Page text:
Chris Chandler, Art-Mecanica installation at Stumptown Coffee Roasters in Downtown.
Chris Chandler, Art-Mecanica installation at Stumptown Coffee Roasters in Downtown. Mario Gallucci

Chris Chandler's Bauhaus-inspired graphic prints in brooding neutrals and moody primary colors fill the expansive walls at the flagship Stumptown Coffee Roasters downtown. The sizable prints are made using a Vandercook 232P letterpress machine, one of the most widely used presses in the 20th Century. Chandler uses Alpha-Blox, a system created in 1944 by the American Type Founders, composed of solid and linear shapes to create a vast range of typefaces, ornamentation, and patterns printed in one or two colors. Alongside the Alpha-Blox system, Chandler re-imagines the Futura Schmuck font created by typeface designer Paul Renner in a large woodblock format. He plays with the endless combinations of geometric forms, often associated with the New Typography and Modernist movements, which brought graphics to the forefront of art and printed materials. Inspired by Renner and Jan Tschichold, Chandler deconstructs words and phrases, creating endless combinations of configurations and shapes, resulting in a fresh approach to manipulating text-based work. There are additional layers in the letterpress prints, evidence of the mechanics from the analog printing process, and further interference from wheat pasting, showing a relationship and dialogue between an artist and their tools.

Oct 15-Jan 2, Stumptown Coffee Roasters Downtown, 128 SW 3rd

WATER: NFS, Natalie Ball with collaborator Annelia Hillman pue‑leek‑la'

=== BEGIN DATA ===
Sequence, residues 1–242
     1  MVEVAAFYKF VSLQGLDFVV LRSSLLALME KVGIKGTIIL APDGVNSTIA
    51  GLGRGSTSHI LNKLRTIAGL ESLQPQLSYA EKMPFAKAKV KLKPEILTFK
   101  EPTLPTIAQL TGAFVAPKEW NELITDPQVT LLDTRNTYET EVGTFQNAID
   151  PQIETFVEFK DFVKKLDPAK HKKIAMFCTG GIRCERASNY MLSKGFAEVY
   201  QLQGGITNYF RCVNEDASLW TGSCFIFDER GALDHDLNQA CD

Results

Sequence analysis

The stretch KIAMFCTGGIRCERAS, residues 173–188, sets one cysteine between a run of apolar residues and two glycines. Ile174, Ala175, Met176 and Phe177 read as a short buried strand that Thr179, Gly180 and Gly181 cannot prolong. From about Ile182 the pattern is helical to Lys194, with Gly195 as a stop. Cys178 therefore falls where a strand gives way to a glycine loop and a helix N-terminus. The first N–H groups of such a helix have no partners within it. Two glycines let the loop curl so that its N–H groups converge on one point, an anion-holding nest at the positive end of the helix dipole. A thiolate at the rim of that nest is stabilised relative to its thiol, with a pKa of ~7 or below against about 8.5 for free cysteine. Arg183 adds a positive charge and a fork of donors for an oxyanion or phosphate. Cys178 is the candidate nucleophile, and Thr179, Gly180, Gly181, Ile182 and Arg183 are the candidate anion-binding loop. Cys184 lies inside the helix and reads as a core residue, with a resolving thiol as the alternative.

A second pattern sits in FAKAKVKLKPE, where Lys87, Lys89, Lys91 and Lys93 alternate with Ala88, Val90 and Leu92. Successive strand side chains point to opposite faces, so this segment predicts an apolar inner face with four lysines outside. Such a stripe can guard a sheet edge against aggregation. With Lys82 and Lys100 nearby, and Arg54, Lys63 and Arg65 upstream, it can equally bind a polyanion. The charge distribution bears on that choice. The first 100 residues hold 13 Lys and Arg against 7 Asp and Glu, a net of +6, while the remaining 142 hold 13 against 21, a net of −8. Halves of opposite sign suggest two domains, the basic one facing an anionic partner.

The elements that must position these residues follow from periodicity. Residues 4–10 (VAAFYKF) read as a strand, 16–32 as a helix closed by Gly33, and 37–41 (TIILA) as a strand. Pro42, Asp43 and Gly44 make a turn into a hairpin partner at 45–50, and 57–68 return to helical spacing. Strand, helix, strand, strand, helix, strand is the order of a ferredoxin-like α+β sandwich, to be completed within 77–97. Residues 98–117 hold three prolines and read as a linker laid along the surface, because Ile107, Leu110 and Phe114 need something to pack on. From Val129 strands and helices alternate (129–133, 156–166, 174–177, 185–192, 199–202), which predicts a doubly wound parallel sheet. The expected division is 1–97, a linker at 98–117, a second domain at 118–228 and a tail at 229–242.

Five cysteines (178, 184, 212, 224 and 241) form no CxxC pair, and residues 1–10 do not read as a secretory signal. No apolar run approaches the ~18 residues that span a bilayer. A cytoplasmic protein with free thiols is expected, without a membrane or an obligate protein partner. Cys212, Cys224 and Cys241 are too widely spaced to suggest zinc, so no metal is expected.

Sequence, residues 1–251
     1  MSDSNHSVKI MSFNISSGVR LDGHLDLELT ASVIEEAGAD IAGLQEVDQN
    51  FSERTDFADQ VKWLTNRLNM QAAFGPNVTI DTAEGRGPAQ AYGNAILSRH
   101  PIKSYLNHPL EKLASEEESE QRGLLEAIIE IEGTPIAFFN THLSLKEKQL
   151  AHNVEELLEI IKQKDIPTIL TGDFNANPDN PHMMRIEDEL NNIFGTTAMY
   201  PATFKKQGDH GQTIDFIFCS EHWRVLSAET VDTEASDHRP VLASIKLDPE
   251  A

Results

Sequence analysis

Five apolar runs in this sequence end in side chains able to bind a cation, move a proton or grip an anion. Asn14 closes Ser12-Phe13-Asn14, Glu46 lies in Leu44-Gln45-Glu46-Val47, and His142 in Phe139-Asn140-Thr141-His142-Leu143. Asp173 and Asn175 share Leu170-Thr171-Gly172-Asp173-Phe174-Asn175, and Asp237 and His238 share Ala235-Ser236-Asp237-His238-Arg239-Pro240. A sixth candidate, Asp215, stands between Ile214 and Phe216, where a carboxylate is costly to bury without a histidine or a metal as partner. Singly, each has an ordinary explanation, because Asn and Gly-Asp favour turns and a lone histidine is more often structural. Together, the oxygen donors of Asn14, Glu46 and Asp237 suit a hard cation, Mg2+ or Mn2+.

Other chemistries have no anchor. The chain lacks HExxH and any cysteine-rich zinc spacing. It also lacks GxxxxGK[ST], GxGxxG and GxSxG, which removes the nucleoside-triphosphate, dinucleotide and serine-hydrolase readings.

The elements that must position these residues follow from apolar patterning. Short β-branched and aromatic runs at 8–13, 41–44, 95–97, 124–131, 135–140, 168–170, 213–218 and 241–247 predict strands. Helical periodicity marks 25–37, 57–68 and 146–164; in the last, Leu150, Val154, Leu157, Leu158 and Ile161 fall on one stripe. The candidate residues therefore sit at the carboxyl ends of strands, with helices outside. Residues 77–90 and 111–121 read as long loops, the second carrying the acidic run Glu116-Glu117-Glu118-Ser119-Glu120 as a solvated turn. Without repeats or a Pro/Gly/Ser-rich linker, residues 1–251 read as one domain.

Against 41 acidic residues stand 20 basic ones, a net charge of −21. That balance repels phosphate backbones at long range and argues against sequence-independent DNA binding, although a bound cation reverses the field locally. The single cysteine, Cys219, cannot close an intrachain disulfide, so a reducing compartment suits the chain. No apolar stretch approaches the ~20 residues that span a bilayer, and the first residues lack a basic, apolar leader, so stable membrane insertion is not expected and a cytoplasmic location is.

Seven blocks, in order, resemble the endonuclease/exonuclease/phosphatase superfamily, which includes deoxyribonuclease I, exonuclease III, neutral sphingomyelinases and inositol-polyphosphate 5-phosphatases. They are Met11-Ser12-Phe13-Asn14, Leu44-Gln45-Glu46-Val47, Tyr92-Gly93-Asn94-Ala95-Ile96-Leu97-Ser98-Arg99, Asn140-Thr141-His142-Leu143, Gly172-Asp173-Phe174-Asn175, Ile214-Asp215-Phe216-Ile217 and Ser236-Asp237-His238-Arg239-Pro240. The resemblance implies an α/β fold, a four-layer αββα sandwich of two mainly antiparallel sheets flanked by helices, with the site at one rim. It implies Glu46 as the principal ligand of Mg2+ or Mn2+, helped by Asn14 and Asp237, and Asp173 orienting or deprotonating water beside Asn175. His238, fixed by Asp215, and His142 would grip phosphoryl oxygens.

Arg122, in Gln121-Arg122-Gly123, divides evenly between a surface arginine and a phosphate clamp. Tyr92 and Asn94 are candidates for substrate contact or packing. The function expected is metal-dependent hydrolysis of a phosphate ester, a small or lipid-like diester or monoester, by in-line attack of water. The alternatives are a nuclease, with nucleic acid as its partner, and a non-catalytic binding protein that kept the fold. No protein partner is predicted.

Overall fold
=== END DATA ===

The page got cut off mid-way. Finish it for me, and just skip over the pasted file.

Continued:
Replacing the Portland Biennial this year is WATER: NFS, which looks to deeply examine land rights, water wars, and droughts in Oregon and California. Natalie Ball is an Indigenous woman who is Black and Native from the Modoc and Klamath Tribes. Ball collaborates with Annelia Hillman pue-leek-la' (Yurok) in an exhibition focused on water issues related to their shared water source, starting at the Head of the Wood River in Ball's Territory to the Mouth of the Klamath River, Hillman's Tribal Territory. Hillman pue leek la' is an activist and leader in her community and the Klamath River justice campaigns. The series of works call out contemporary land interventions, like dams that have impacted the water's health, stability, and sustainability and Indigenous communities around it. Additionally, the development of Ball's Klamath Land Back Tours PSA asserts to acknowledge and celebrate the Indigenous People of the Land and those of the Klamath Tribes: the Modoc, the Klamath, and Paiute People.

Nov 5-Jan 2, Oregon Center for Contemporary Art, 8371 N Interstate

Katarina Zdjelar: Proximities, a rehearsal, an archive

How are transformation and change held in the body?

Katarina Zdjelar, a video-based artist working in Rotterdam, The Netherlands, originally from Belgrade, Serbia, explores this in her first solo exhibition in the US and is in conjunction with the final show in "Turnstones," Lucy Cotter's program as Curator in Residence 2020-21. The video and installation-based work are a recent iteration of an ongoing project by Zdjelar. She has taken archival documentation from post-war Dresden choreographer and expressionist dancer Dore Hoyer. Consisting of multi-channel video and sculptural installations, the performances explore how the "archived bodies" in the remnants of Hoyer's choreography might engage with the present, living bodies in this filmic portrait.

Oct 29, 2021-Jan 2, Oregon Center for Contemporary Art

Ashley Gifford is an art historian and writer based in Portland. She is the founder and director of Art & About, a publication and resource for art in Portland and the greater Pacific Northwest. This extensive documentation has created an archive of observed art ecology since 2014. She has worked with contemporary and nonprofit arts organizations, creative agencies, and technology-based companies for the past decade. Her writing has been featured in the Portland Mercury, Oregon ArtsWatch, Art Practical, Ceramics Now, Journal, and other publications.